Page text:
Are you asbestos aware?

Asbestos is one of the most hazardous materials present in buildings throughout Australia. It lurks in many materials that electricians work with and can be found in over 3000 products. Are you confident you know how to deal with asbestos?

Think you can tell what it is just by looking?

Wrong. The only way to be sure is to have a sample tested by a NATA (National Association of Testing Authorities) accredited laboratory. Ask an asbestos professional such as an occupational hygienist, licensed asbestos assessor/removalist or individual who has undertaken a recognised training course in asbestos identification for advice and to have a sample tested.

If the building is a workplace (commercial and public buildings) the person with management or control of the workplace must keep an asbestos register that tells you where it is and what condition it is in. If it’s a home, then ask the homeowner if there is any asbestos present.

If asbestos is likely to be disturbed as part of demolition or refurbishment, then it must be safely removed before the work starts. In most circumstances, WHS laws require asbestos to be removed from workplaces by a licensed asbestos removalist.

You must comply with all the requirements of the work health and safety laws and environment protection laws in your state or territory. These laws can vary, so it is important that you check requirements in your jurisdiction.If you are not trained in the safe handling of asbestos – don’t touch it!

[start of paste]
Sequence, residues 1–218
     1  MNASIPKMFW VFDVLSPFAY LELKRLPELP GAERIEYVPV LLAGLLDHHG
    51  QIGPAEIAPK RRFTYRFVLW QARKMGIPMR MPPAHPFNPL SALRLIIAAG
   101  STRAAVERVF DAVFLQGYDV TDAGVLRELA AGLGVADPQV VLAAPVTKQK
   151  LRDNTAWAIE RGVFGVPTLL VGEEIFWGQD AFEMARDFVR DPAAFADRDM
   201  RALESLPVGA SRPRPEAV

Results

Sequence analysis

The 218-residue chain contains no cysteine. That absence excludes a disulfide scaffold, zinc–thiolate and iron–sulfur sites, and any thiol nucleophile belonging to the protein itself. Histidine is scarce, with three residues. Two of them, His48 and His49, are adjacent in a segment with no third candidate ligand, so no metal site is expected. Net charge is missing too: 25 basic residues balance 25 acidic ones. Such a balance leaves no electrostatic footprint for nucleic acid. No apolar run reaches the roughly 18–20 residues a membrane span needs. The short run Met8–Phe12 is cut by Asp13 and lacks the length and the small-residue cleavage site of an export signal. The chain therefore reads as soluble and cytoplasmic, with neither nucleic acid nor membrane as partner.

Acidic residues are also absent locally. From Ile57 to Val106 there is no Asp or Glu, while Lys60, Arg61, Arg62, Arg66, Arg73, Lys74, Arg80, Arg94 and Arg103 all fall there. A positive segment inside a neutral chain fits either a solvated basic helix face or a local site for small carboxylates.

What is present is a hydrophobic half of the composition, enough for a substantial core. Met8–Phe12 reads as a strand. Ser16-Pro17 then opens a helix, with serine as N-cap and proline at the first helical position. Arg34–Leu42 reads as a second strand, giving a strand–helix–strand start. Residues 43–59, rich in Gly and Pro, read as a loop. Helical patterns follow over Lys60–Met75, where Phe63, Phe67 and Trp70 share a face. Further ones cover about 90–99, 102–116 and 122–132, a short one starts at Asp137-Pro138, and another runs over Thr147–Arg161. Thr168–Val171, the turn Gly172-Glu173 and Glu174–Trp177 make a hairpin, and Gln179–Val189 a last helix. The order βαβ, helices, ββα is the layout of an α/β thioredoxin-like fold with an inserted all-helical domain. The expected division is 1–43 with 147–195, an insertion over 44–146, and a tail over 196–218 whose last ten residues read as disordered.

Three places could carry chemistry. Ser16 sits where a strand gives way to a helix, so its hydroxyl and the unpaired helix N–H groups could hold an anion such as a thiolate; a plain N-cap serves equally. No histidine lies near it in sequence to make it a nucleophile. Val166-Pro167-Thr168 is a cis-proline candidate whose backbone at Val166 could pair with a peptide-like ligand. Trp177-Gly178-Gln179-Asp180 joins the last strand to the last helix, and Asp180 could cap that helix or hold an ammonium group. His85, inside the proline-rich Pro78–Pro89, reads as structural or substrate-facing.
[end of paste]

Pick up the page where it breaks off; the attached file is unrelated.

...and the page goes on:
What is a safe level of exposure to Asbestos?

There is NO known safe level of exposure to asbestos.

You don’t need a lot of exposure to asbestos fibres to develop a fatal disease later in life. The people at greatest risk of exposure are those that undertake repairs, maintenance, renovations and other work on older buildings and infrastructure which contain asbestos materials.

Inhaling asbestos fibres is associated with fatal diseases including asbestosis, lung cancer and mesothelioma. All these asbestos-related diseases contribute to approximately 4000 deaths in Australia each year.

If you believe you have been exposed to asbestos fibres you should take the following steps.If the suspected exposure took place in the workplace:

  • contact your employer, who should take immediate action to remove the ongoing risk; or your state or territory work health and safety regulator if that does not occur.

If the suspected exposure took place outside the workplace (home or community):

  • contact your local council or environment regulator for advice on how to ensure the asbestos fibres pose no ongoing risk to yourself or to others.

You could also arrange an appointment with your GP to discuss the associated health risks and request advice regarding any health assessments that your GP considers appropriate.

It is also recommended that you register your details on the National Asbestos Exposure Register (NAER)

What is the ETU doing to combat asbestos products?

Recently the ETU successfully campaigned for the Australian Border Force (ABF) to take action against illegal imports of asbestos in building-related materials.

Data published by the Asbestos Safety and Eradication Agency revealed many asbestos-containing building materials were still making it into the country, but that building materials simply weren’t being tested. This is despite new asbestos having been found throughout the electrical and construction industries in recent years.

The ETU put pressure on the ABF resulting in a subsequent testing blitz on building materials being imported and major crackdown on any asbestos containing products trying to get into the country. We’re still waiting for the results of this blitz but undoubtedly it is a clear message to importers.


This guide provides information about where you might find asbestos, the laws that relate to asbestos management and removal and how to protect yourself and others from exposure to harmful asbestos fibres.

Print it out for others to read at your workplace or share it around with your workmates. It could save their life one day.

This article was publised on 23 July 2021.